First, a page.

Ray Lewis made a great point about the NFL and its over-reliance on rules. But his point was lost because he pissed Patriots fans off.
There are two topics that are guaranteed to piss off New England fans: SpyGate and the Tuck Rule. Start talking about these, even in passing, even as a joke, and Pats fans will flip out.
And I don't know why. I'm a Patriots fan, and I don't care about either topic. In 2001 the rules gave the Pats a break and bailed Brady out of a game-losing fumble. So what? The Raiders still allowed the game-tying and game-winning drives. The Patriots still beat the Steelers then the Rams. And yes, the Patriots filmed opposing signals from the sideline. So? If you're dumb enough to think doing so made any significant difference, then you should be mad at your own teams for either not noticing it and blowing the whistle on the Pats, or for not doing it themselves.
We in New England normally don't care what Ray Lewis says or thinks, it's just funny to hear him talk. Just imagine him dressed as Abraham Lincoln, with a beard and a stovepipe hat, giving the Gettysburg Address...
Four score, and SEVEN years ago, OUR fathers... Now we are engaged, in a GREAT Civil War... this nation UNDER GOD, shall have a new birth, of freedom. And that government of the PEOPLE, by the PEOPLE, for the PEOPLE, shall not perish, FROM THE EARTH!!!! WHO'S HOUSE IS THIS? OUR HOUSE!!! WHO'S HOUSE IS THIS? OUR HOUSE!!!
This is Robert E. Lee we're talking about, it's a chess game!
We all have a good laugh when Ray gets going.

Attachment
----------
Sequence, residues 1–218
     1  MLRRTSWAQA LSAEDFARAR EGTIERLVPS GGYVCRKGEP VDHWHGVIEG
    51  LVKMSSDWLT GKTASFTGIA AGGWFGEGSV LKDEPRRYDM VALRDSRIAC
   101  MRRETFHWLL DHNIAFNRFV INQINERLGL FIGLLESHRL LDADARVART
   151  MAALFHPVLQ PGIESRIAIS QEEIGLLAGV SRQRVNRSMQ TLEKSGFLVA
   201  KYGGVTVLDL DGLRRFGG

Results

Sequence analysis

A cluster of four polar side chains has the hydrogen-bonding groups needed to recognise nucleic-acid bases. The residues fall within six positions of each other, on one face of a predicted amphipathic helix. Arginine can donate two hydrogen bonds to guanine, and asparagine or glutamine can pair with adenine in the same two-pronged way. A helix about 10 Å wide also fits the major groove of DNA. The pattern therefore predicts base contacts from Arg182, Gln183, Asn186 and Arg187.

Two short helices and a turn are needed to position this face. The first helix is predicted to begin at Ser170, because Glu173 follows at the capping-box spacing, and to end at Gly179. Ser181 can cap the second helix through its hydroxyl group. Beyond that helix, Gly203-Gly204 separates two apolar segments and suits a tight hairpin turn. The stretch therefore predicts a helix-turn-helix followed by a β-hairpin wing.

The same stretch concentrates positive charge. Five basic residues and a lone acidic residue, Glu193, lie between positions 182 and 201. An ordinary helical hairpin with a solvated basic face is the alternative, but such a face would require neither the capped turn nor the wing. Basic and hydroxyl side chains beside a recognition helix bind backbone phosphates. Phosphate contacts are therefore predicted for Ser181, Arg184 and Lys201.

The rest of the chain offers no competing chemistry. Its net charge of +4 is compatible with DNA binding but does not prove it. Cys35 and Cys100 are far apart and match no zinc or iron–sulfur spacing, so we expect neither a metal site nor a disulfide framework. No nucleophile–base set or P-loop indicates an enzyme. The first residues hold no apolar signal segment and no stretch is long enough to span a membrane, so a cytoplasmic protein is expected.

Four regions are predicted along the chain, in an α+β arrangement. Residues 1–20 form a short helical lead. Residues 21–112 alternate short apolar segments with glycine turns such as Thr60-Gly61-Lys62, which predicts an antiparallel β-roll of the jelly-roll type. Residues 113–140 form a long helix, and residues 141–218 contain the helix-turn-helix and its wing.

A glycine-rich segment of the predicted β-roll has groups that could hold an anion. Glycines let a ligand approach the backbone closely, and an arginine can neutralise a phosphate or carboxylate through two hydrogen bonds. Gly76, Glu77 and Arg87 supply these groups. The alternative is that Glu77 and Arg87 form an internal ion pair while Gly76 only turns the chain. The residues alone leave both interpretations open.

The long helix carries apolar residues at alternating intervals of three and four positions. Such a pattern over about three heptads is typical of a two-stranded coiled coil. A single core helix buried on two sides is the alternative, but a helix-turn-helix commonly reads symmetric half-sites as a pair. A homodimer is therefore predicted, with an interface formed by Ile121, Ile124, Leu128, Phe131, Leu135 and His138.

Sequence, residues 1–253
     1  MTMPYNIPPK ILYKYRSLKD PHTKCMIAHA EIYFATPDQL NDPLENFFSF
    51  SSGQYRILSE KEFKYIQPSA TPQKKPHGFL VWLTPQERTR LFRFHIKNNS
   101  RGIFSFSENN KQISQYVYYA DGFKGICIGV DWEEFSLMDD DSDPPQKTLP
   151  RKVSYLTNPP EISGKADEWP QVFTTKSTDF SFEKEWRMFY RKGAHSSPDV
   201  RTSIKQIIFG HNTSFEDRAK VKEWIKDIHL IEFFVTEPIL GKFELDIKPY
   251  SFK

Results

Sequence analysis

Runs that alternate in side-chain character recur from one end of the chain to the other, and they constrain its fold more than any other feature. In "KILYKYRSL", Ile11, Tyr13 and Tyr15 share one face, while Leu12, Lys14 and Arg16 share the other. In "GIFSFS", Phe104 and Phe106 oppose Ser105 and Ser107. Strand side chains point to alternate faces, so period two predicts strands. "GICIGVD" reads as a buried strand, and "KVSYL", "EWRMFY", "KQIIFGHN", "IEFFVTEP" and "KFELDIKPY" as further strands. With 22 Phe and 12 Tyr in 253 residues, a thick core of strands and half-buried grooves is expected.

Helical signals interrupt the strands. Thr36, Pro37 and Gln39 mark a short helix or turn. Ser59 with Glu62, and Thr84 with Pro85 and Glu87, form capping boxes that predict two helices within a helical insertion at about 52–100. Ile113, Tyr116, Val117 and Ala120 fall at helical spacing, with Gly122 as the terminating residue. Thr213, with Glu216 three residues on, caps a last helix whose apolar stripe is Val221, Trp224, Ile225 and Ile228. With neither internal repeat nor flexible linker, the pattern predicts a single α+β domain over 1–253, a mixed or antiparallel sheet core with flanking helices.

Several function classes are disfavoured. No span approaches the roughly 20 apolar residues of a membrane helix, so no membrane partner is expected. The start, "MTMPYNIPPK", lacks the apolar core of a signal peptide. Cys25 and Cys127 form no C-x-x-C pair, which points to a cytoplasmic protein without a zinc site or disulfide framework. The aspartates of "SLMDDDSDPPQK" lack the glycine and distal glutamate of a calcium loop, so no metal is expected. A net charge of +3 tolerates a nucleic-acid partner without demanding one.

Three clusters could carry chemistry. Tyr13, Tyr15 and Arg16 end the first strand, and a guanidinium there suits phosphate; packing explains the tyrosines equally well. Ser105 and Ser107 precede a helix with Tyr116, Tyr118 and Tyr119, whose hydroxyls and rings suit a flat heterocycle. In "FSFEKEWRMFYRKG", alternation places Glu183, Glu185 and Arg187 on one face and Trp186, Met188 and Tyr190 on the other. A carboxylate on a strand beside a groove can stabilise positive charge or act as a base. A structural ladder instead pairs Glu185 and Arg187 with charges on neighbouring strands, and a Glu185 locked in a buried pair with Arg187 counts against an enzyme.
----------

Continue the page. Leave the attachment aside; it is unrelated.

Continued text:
But when he mentioned the Tuck Rule earlier this week, people in New England lost their minds.
In his recent remarks about how overly litigious the NFL has become, Lewis made the mistake of dwelling on the Tuck Rule. He argued that Tom Brady and the Patriots would be unknowns without the obscure rule. And he chose to do it the week after his former team was eliminated by the Pats. So his message was lost. Obscured, or obstructed, if you will.
And that's unfortunate because it was a good point. Rules were once meant to govern and control the game, now they define them. Rules used to focus on the clock and on formations and on player conduct and safety. People have been throwing and catching footballs long before rules existed to define when throws begin and end, when catches begin and end. But now the elemental parts of the game are being defined by rules. The basic parts that come together to make a game - throws, catches, tackles - are becoming complicated sequences of events. Dissecting a catch is like dissecting the Magic Bullet Theory in JFK. (fun fact: Arlen Specter, a nemesis of the NFL, came up with the Magic Bullet Theory when he was a junior prosecutor)
Throwing and catching are intuitive things. The NFL has turned them into complex, difficult to understand, even more difficult to explain concepts.
Football is something you're supposed to enjoy while relaxed, maybe even while having a few beers. You shouldn't need a philosopher and a lawyer in order to explain what a catch is to fans.
The Tuck Rule was a bad rule. It tried (and failed) to define what a throw is. But we all know what a throw is. We don't need rules to define it.
We don't need rules to define catches either. Rules for in and out of bounds are fine. Rules about clocks and formations are fine (although, not to John Harbaugh). Rules to define basic things that human beings have been doing for thousands of years? No, we don't need those.
So Ray Lewis was right.